Then there are the distinctions we make domestically. As the Council on Foreign Relations' Micah Zenko notes, often domestic attacks with the same impact as terrorist acts are not treated as such.  For example, when Federal Aviation Administration contractor Brian Howard set fire to a Chicago FAA control center, it disrupted flights throughout the Midwest for a day, the kind of havoc terrorists would love to cause. But he has not been labeled a terrorist (on Wednesday, the government asked for an extension before they have to indict him, so that may still happen).

Perhaps the most interesting domestic case not labeled terrorism involves Frazier Glenn Miller, a man with extensive ties to the Ku Klux Klan accused of killing three people in Kansas City on April 13 who he may have believed were Jewish. He is being prosecuted by Missouri (state terrorism charges often work differently); amended charges against him filed last week still don't mention terrorism. Even with Miller's ties to the Klan, terrorism charges would be unlikely, though they shouldn't be. That's because in 2012, federal prosecutors in the case against the Spokane, Washington, Martin Luther King day bomber, Kevin Harpham, pointed to Harpham's communications with Miller to call for an increased sentence against the failed bomber. Harpham's ties to other extremists -- to Miller -- made him a more dangerous criminal, the government argued. For years, the FBI has known Miller to participate in a network that had previously attempted to use a bomb in an act of terror.

Miller's alleged crimes may carry a death sentence, and Howard's may carry the kind of enhancement tied to air travel commonly associated with terrorism. We're just not, yet, using that word "terror" to describe their acts.

Which also means we're not using all the same tools we're using to police groups the government more readily calls terrorists, notably Muslims (though as a new blog makes clear, setting free minks from fur farms in the 1990s qualifies, too). That's not to say we should: The intense focus on Muslim communities, with a claim that any political violence in that community is necessarily "foreign" and therefore subject to more intense scrutiny, may serve as a distraction from people like Miller, who may have the means to do more damage. But it ought to raise questions about why we make these distinctions.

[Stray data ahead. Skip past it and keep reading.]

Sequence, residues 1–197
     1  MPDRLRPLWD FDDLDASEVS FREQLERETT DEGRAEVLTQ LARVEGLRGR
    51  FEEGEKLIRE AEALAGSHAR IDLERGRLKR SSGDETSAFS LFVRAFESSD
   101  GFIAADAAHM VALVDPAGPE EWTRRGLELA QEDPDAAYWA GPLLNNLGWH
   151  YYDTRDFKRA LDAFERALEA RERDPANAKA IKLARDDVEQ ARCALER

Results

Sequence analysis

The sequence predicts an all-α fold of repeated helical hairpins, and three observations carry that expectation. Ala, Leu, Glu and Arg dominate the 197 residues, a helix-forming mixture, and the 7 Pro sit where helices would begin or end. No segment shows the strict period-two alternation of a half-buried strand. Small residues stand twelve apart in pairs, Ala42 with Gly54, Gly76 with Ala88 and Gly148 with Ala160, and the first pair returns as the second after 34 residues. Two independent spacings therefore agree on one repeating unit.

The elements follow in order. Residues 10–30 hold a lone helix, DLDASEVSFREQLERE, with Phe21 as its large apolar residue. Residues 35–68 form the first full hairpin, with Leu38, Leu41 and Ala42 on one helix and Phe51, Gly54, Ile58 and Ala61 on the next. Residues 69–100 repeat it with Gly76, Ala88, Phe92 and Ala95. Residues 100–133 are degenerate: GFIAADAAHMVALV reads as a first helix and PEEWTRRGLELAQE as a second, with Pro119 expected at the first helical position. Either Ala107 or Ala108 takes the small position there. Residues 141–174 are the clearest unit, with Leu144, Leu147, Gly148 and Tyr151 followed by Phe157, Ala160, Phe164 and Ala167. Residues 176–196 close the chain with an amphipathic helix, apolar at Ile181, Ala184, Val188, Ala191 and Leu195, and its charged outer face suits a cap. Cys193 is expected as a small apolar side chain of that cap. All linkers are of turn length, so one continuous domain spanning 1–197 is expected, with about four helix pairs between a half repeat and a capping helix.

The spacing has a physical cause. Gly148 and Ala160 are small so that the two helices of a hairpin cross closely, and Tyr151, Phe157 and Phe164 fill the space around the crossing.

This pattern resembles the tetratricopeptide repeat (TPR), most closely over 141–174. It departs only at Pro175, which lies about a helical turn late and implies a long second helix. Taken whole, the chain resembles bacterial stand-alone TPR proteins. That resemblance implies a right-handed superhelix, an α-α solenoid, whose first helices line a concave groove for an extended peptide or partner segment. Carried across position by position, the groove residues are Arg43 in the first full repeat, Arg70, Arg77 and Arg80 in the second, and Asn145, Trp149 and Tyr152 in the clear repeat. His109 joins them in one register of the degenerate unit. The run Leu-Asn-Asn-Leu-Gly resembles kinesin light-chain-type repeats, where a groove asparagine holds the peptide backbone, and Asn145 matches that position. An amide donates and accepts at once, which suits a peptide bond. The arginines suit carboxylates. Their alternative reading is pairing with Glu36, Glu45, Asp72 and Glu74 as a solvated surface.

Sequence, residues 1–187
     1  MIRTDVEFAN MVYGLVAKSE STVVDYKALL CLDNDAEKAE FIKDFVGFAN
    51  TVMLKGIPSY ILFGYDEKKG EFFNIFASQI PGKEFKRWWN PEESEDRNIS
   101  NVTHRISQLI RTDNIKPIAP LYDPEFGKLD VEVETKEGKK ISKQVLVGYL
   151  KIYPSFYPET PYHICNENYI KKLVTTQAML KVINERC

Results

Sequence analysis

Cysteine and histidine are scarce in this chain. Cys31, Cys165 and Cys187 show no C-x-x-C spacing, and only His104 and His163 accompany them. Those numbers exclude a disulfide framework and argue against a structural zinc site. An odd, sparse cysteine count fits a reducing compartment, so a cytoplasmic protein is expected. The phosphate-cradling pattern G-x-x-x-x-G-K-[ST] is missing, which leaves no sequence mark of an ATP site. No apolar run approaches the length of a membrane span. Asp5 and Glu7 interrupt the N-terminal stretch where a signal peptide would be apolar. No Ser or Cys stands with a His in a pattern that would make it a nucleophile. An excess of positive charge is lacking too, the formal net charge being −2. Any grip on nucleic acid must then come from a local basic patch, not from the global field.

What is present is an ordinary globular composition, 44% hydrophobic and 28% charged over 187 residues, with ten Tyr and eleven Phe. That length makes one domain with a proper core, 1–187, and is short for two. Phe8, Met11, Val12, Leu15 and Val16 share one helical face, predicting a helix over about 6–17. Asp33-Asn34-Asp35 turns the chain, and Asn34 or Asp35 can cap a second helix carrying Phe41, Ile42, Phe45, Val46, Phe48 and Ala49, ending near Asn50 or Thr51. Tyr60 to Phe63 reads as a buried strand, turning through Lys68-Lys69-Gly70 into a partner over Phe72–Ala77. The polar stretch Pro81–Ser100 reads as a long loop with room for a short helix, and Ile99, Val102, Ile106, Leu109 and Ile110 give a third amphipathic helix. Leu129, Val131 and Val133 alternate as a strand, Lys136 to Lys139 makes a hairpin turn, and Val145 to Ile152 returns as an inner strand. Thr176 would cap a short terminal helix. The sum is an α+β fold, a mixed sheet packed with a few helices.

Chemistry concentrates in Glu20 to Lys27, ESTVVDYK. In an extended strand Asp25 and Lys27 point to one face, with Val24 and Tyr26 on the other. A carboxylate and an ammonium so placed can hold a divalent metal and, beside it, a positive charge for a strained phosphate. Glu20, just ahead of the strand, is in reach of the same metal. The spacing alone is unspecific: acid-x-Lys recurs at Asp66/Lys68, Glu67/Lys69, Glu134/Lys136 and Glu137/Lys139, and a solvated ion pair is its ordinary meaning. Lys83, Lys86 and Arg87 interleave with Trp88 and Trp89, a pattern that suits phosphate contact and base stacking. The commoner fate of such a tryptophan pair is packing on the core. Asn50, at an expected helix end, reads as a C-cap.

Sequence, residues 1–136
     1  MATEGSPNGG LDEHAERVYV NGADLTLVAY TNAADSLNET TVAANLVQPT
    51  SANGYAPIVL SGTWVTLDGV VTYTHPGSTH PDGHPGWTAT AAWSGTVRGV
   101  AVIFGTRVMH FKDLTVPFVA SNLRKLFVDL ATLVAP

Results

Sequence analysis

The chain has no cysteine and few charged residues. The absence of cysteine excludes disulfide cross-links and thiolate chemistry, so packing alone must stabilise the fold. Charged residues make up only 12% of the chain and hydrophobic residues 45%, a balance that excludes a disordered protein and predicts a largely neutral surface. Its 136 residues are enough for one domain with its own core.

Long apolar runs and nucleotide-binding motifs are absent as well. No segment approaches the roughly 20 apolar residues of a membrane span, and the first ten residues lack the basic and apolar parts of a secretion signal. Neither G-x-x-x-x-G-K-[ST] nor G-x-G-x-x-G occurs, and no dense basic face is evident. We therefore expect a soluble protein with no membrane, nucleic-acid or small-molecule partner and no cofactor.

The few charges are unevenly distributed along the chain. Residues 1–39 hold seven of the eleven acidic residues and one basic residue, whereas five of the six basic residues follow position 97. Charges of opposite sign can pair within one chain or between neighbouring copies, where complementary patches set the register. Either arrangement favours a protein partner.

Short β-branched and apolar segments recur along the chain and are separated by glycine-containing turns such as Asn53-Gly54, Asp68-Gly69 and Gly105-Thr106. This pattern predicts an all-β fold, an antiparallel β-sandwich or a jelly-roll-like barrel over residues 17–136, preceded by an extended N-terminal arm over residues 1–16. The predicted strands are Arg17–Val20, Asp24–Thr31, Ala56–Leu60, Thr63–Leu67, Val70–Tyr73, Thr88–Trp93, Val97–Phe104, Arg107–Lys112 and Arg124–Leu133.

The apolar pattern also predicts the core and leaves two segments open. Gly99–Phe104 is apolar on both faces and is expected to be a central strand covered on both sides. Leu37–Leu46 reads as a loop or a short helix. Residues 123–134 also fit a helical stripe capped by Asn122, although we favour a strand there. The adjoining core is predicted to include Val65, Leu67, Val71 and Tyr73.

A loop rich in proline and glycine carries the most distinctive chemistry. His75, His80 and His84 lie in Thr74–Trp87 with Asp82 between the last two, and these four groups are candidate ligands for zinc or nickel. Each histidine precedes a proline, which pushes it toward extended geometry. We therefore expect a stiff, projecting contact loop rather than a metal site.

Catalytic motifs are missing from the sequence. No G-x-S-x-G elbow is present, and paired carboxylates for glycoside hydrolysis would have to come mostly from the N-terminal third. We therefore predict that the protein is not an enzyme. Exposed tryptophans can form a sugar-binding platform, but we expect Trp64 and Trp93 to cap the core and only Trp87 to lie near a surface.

Writing for the New York Times, emeritus philosophy professor Tomis Kapitan provides some suggestions. For those who are labeled terrorists, "asking why they resort to terrorism is viewed as pointless, needlessly accommodating, or, at best, mere pathological curiosity." And for those who aren't (Kapitan treats larger issues, like state terrorism), it deflects attention. Mostly, though, it's about sowing fear -- fear of some, but not others.

Ultimately, then, the word "terrorism" is supposed to prevent us from asking why. Why people engage in violence, why some violence is sanctioned (or at least treated as a ordinary crime) but other violence is not. Which, given the turmoil surrounding our fight against ISIL that necessarily confuses the underlying question, is why we ought to be asking why.

By Marcy Wheeler

Marcy Wheeler writes at and is the author of "Anatomy of Deceit."